chris barr

Photo/Dev/Design

A New Life in Georgia & a Wedding Website

Life Update
In less than a month now I’ll be getting married – it almost seems surreal.  I’ve been looking forward to this for a long time, mostly since I proposed to Kirstin about a year ago, but it’s so close I can hardly believe it.  I’ve lived in pensacola, Florida for the past 5+ years and Kirstin has lived Rome, Georgia for a little over 4 years now.  We had a long distance relationship for the entirety of our 2 years of dating, but in the past few weeks I’ve actually taken the plunge and moved up to Georgia.  We figured it was probably a good idea to at least live in the same state if we were going to be getting married.

It all actually worked out quite well.  The company I work for, AppRiver, recently opened an office in Midtown Atlanta.  The office is about 1.5 hours from where Kirstin works in Rome, so we decided to live somewhere in the middle and then we each commute to our workplaces.  The drives are fairly long, but  we think it’s worth it because we finally get to see each other on a regular basis and we both get to keep the jobs we love.

A Wedding Website!

chrisandkirstin

Soon after we were engaged, the wedding planning began.  One task on the list was to get a wedding website.  I thought “I got this!” since I do something similar for a living, so I made one.  I might have gone a bit overboard with the site, but it covers 100% of our needs, we love it, and we’ve gotten nothing but compliments about it.  I’ve made it in a fairly modular way, so I hope that others might be able to make use of it as well.  I’ve decided to put all the code on GitHub because… well why not.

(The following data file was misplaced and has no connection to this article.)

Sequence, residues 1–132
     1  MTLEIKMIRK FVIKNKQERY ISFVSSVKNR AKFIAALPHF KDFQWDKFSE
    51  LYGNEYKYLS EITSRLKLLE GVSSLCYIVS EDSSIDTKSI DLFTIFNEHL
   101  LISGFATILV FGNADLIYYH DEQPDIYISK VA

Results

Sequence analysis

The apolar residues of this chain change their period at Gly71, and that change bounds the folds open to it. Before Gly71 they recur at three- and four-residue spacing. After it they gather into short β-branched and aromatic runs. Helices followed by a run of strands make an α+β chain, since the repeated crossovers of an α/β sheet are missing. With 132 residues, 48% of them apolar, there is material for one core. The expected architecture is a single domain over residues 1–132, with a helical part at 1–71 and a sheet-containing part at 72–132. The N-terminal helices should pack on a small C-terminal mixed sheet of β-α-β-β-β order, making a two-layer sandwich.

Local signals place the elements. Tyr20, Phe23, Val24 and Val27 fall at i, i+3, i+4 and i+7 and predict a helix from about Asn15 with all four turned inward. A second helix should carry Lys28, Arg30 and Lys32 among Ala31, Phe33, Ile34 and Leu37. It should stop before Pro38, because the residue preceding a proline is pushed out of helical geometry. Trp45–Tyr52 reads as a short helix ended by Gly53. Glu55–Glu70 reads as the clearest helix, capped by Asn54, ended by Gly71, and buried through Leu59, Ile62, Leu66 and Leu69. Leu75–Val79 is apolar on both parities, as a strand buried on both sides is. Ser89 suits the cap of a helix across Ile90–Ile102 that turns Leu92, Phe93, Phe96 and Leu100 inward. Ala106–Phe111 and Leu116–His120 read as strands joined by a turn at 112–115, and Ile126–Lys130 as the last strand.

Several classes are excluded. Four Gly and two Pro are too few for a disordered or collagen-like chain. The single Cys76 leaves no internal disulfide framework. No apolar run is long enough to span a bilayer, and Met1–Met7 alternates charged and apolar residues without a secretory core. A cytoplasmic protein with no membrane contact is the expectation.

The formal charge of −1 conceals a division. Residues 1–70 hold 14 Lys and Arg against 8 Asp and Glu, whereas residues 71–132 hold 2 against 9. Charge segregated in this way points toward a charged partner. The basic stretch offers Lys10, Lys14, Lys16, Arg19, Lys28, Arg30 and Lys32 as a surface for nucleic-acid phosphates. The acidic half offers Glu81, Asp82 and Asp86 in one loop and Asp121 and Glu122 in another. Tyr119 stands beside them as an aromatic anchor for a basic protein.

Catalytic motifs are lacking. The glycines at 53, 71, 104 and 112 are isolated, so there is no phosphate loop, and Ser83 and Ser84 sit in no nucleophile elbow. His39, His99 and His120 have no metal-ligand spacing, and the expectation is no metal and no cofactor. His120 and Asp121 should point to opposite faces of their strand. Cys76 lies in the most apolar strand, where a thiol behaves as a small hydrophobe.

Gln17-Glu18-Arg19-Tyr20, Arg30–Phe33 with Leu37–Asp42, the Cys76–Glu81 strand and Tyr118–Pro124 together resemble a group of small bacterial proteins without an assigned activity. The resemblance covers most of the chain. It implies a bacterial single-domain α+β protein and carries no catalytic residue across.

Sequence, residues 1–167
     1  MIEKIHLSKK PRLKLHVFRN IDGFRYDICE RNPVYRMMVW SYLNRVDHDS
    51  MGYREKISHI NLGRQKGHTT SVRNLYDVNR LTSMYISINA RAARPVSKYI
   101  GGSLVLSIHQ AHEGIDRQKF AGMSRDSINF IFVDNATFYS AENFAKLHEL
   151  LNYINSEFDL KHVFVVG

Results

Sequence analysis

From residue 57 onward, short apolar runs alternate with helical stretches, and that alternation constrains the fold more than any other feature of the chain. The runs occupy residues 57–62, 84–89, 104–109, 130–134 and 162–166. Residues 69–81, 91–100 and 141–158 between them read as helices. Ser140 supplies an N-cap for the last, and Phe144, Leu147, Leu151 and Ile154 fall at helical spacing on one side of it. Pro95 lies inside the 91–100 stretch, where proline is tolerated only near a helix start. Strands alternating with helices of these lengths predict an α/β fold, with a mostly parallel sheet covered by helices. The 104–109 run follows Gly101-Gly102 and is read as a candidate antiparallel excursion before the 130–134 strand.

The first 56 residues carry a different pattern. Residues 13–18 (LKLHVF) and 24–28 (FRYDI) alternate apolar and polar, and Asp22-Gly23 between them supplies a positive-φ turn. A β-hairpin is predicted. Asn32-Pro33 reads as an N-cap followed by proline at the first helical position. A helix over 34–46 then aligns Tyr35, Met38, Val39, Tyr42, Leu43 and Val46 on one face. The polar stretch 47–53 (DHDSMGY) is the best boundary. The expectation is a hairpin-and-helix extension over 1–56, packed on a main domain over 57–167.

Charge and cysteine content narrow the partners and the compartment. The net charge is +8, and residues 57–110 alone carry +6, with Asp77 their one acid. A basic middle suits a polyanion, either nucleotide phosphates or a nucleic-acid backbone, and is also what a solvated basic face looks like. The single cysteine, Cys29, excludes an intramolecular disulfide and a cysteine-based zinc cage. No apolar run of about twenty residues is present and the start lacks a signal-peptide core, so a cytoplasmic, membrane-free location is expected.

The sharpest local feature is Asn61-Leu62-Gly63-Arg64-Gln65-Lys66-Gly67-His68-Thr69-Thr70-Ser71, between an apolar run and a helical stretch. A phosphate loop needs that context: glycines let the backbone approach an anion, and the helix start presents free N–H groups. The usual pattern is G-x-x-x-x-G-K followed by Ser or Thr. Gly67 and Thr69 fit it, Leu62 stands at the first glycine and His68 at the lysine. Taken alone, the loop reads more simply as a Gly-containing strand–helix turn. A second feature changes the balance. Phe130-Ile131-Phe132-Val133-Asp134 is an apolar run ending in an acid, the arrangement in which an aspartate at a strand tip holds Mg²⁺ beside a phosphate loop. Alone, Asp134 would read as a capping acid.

Check out the site: http://ChrisAndKirstin.com
Get the code: https://github.com/chrismbarr/Wedding-Website

 

Lyric Converter V2!

If you just want to go use it: LyricConverter.com

But first…

The Backstory…

A few years ago my church used some lyric presentation software called SongShowPlus, and it worked… but we didn’t love it.  It only ran on Windows, it had some UI issues that made it hard to use and add/change songs before services. We wanted to get a Mac and run ProPresenter instead.  Friends in the same industry were telling us how they had switched and how much they loved it.  ProPresenter had a lot going for it, especially in the ease-of-use department and scalability for things we wanted to do in the future.